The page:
|Herrick, Jeffrey - Jeff|
Submitted to: Soil Science Society of America Journal
Publication Type: Peer reviewed journal
Publication Acceptance Date: 6/28/2005
Publication Date: 5/1/2006
Citation: Serna-Perez, A., Monger, H.C., Herrick, J.E., Murray, L. 2006. Carbon dioxide emissions from exhumed petrocalcic horizons. Soil Science Society of America Journal. 70:795-805. Interpretive Summary: Global climate change is associated with increases in atmospheric carbon dioxide (CO2). A number of systems have been proposed for reducing the rate of increase in atmospheric CO2. One possibility is to increase soil carbon content. Soil carbon exists in two primary forms: as soil organic matter generated by plants and as soil carbonates, of which calcium carbonate (CaC03) is the most common. In addition to limestone, many arid soils have developed calcium-carbonate-rich layers. If these layers (soil horizons) increase in mass, carbon is removed from the atmosphere. However, it is also possible that when these horizons are exposed at the soil surface (e.g., by erosion), carbon might be lost to the atmosphere, effectively increasing atmospheric CO2. By measuring CO2 loss rates from three different types of soils in the Chihuahuan Desert, we were able to test the hypothesis that soil CaCO3 exposed at the land surface might be a source, in addition to a sink, of atmospheric CO2. We found that CO2 loss rates were similar from soils with and without carbonate-rich horizons and on from soils where the carbonate-rich was both buried and exposed at the surface. We concluded that petrocalcic horizons can be considered a recalcitrant reservoir within the decadal timeframes pertinent to carbon sequestration policies.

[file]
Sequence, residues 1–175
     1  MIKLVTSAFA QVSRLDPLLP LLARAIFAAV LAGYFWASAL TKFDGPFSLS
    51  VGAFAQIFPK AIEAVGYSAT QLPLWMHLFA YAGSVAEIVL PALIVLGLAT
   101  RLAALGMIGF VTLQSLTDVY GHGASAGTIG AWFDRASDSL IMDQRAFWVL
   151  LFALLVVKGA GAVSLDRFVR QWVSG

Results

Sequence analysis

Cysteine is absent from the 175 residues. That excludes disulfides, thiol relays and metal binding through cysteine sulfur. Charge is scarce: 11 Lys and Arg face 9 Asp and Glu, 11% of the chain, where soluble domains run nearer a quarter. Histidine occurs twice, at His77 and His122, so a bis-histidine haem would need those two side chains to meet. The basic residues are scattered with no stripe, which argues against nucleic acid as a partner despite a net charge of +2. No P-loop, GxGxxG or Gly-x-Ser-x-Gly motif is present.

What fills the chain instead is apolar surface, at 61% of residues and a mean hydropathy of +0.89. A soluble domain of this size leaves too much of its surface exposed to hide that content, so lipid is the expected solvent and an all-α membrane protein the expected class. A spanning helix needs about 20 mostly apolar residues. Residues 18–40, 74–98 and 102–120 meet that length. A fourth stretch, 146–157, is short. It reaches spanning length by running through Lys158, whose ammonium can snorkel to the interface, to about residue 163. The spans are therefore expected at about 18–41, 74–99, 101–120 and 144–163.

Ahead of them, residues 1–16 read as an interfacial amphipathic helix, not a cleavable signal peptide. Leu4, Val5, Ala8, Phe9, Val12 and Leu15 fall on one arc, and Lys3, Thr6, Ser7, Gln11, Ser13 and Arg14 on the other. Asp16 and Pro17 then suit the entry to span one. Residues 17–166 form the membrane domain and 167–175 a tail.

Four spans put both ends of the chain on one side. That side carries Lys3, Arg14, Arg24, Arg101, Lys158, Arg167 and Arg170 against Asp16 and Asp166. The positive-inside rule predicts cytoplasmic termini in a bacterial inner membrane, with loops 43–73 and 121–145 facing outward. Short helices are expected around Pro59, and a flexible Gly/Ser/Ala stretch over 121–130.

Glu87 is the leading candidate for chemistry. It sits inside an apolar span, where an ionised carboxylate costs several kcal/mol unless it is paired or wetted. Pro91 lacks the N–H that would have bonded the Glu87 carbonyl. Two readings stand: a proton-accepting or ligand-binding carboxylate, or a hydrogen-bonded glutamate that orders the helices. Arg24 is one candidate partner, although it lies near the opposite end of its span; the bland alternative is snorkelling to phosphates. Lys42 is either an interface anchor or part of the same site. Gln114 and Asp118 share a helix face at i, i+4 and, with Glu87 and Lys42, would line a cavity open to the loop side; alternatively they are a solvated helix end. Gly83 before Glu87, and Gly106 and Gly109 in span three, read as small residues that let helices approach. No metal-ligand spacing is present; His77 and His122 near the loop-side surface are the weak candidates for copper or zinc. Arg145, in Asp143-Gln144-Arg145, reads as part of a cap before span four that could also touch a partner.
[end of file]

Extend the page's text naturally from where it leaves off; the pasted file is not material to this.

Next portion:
Technical Abstract: The second largest pool of terrestrial carbon is pedogenic CaCO3. In addition to being an important sink of atmospheric CO2, pedogenic carbonate has the potential to be an important source of atmospheric CO2. The cemented form of pedogenic carbonate (the petrocalcic horizon) develops in geomorphically stable soil in arid, semiarid, and various subhumid climates. In many of these dryland areas, such as the Chihuahuan Desert of North America, erosion has stripped away overlying soil and exhumed the petrocalcic horizon, thereby lifting it into a weathering zone above the calcification zone where it normally forms. This research tested the hypothesis that Aridisols with exhumed petrocalcic horizons will emit more CO2 than neighboring noneroded Aridisols with petrocalcic horizons or neighboring Entisols. We tested this hypothesis by comparing the amount of CO2 and the delta 13C of CO2 released from the three soil types. Using a randomized complete block design, CO2 emissions were measured using NaOH and soda lime traps from June 2002 to October 2003. Neither NaOH traps nor soda lime traps detected any statistical difference in cumulative CO2 emissions from the three soil types at the P = 0.05 level. Moreover, the isotopic analysis of CO2 did not match the isotopic values of pedogenic carbonate nor were there any statistical differences (p = 0.05) in delta 13C of CO2 among the three soil types. We conclude, therefore, that exhumed petrocalcic horizons are not actively emitting CO2 at a rate significantly greater than adjacent soils; and thus, carbon stored in petrocalcic horizons can be considered a recalcitrant reservoir within the decadal timeframe pertinent to carbon sequestration policies.